Striking teachers disrupt Northumberland County Council's cabinet meeting with bagpipes following dispute

NASUWT members on a second day of strike action over school closures in the Berwick area. Photo: NASUWT
-Credit: (Image: Copyright Unknown)


Striking teachers have demonstrated outside Northumberland County Hall in Morpeth as a row over school strikes continues.

Members of NASUWT at Glendale, Tweedmouth and Berwick middle schools carried out a second day of industrial action over plans to close the three schools. Some strikers even brought bagpipes that were used to disrupt the council's cabinet meeting ahead of a meeting with the local authority's director of education.

The planned closures come as part of a move to a two-tier system of education. The teaching union say the county council has failed to honour pledges around protecting jobs.

John Hall, NASUWT National Executive Member for Northumberland, said: “Teachers at all three schools have been left in limbo, not knowing what the future holds for them and their careers.

“This reorganisation should be an opportunity to strengthen education provision locally, not undermine it by losing dozens of experienced teachers.”

The protest at County Hall followed a second morning on the ticket line for union members following a strike day last week.

The move to two-tier and away from the middle school model comes ahead of a £41 million investment into the Berwick Partnership that the council say will "transform" education in the area for "generations to come". A series of consultations on what education should look like in the area have been carried out in recent years.

Dr Patrick Roach, NASUWT General Secretary, added: “Imposing compulsory redundancies on teachers would represent a huge loss of expertise, experience and talent for current and future cohorts of pupils in the area.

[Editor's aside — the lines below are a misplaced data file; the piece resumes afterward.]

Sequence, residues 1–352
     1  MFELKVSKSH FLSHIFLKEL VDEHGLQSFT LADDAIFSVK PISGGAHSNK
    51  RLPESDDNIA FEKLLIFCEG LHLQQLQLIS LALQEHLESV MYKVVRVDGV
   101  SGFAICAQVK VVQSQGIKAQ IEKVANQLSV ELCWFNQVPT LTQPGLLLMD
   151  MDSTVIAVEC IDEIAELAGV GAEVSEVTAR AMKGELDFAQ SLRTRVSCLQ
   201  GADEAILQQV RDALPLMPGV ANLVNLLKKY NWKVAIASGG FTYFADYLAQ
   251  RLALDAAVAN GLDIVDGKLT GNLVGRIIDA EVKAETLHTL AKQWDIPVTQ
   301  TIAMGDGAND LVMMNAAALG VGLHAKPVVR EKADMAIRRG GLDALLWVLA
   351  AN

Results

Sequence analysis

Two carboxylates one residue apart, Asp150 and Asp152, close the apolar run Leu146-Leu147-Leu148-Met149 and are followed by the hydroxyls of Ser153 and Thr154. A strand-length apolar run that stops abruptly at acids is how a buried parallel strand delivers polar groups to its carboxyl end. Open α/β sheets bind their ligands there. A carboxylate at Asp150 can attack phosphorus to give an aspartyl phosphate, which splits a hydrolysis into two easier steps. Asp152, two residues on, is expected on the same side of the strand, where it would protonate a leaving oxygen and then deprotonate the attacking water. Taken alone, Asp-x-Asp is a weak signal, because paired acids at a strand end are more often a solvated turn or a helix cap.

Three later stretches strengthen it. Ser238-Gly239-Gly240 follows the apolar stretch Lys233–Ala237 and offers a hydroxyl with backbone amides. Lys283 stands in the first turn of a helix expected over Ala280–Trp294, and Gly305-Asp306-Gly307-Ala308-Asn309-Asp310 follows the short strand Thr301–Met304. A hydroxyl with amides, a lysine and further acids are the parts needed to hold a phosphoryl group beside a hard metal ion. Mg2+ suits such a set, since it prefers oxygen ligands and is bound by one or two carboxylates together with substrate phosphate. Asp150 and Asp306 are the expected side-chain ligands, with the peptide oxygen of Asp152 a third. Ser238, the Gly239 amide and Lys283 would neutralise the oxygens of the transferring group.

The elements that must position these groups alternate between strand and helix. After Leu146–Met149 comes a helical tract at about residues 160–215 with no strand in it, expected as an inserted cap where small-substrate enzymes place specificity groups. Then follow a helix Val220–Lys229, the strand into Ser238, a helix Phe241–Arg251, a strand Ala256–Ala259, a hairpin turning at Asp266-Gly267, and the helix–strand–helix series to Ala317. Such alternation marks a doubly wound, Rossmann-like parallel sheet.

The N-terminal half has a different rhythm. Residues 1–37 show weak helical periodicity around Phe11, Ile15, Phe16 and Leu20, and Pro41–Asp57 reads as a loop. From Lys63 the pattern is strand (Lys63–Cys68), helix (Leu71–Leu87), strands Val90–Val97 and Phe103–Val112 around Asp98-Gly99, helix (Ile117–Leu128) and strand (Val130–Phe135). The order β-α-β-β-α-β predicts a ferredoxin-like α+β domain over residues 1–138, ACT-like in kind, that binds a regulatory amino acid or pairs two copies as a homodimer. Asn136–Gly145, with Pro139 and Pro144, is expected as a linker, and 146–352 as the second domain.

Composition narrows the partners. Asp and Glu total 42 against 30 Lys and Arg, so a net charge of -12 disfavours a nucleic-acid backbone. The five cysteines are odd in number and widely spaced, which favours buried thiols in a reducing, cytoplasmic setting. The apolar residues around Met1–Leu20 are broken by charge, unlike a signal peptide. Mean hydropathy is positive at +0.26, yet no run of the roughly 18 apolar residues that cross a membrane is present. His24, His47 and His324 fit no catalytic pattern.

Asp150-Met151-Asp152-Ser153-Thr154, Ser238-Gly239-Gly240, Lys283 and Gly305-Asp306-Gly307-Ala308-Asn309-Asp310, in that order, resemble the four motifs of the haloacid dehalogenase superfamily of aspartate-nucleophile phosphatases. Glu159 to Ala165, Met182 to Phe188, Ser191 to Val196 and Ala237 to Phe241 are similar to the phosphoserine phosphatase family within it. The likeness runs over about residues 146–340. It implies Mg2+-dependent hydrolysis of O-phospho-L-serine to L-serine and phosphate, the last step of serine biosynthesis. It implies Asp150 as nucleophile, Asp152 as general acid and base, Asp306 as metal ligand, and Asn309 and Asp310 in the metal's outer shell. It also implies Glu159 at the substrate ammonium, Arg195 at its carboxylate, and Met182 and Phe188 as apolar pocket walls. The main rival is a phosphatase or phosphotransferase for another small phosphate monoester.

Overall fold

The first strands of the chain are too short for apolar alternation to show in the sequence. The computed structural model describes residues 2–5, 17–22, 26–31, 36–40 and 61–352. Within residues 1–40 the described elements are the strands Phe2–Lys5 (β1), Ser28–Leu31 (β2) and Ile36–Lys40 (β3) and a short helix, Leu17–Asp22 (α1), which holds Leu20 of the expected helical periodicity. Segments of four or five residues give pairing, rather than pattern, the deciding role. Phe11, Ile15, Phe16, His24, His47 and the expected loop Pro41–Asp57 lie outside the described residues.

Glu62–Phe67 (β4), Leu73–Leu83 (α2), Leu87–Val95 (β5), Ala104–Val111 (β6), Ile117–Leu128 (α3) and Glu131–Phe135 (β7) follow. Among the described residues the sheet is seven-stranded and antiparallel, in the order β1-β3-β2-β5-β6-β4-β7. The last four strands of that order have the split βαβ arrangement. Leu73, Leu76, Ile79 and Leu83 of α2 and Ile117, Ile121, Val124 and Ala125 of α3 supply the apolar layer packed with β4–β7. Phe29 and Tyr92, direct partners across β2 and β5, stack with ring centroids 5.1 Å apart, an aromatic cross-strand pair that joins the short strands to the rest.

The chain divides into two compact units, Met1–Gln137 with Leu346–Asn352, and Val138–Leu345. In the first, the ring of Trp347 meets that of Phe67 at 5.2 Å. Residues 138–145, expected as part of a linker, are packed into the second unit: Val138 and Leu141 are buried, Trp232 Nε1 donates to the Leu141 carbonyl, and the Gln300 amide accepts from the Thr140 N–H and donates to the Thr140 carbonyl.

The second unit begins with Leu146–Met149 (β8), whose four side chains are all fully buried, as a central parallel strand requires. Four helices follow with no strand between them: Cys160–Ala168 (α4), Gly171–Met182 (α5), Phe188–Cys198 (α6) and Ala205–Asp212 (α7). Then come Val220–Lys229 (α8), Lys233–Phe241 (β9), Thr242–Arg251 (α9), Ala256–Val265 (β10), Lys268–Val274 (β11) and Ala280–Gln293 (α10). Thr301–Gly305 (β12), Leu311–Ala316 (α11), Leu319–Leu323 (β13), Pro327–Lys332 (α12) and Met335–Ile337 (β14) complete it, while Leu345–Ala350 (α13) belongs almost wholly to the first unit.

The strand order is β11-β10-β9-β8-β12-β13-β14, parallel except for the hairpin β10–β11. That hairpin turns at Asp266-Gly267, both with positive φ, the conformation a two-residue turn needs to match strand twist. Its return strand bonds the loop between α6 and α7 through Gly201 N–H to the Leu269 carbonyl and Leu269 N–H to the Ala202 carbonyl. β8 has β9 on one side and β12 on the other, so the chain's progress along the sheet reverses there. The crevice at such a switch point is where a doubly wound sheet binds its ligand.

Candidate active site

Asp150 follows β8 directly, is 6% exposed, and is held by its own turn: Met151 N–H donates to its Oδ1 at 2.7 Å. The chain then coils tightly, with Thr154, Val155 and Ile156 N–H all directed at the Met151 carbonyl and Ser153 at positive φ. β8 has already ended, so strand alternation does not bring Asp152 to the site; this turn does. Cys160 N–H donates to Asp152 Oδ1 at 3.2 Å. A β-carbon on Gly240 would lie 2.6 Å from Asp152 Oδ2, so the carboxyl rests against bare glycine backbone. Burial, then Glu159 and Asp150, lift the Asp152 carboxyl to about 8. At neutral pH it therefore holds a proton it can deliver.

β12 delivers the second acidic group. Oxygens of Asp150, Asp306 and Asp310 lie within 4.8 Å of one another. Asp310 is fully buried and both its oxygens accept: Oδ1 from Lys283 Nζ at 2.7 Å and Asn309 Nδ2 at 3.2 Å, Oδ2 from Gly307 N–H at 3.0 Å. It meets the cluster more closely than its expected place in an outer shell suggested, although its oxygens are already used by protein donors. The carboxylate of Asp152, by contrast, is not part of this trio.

“We believe the council owes it to staff and pupils to pursue other options such as redeployment so that as many jobs can be saved as possible. We have sought at every stage of this process to work with the Council, but due to a lack of progress our members have been left with no option than to move to strike action.

“The council must now listen and work with us on a plan to avoid the compulsory loss of these skilled and dedicated teachers from their local community.”

Responding to the latest strikes, a spokeswoman for the county council said: "We are committed to investing over £41 million in first-class facilities for schools in the Berwick School Partnership and supporting all the current middle school staff to gain permanent positions by September 2026.

“There is significant work underway to recruit the middle school staff in to the new school structures and where needed we will seek redeployment and retraining opportunities. Staff have been consulted throughout this process with 18 meetings and drop in events taking place and which teachers’ unions were invited to attend.

"We continue our positive consultations with unions which have been ongoing for several months and hope that these discussions will provide a positive outcome.”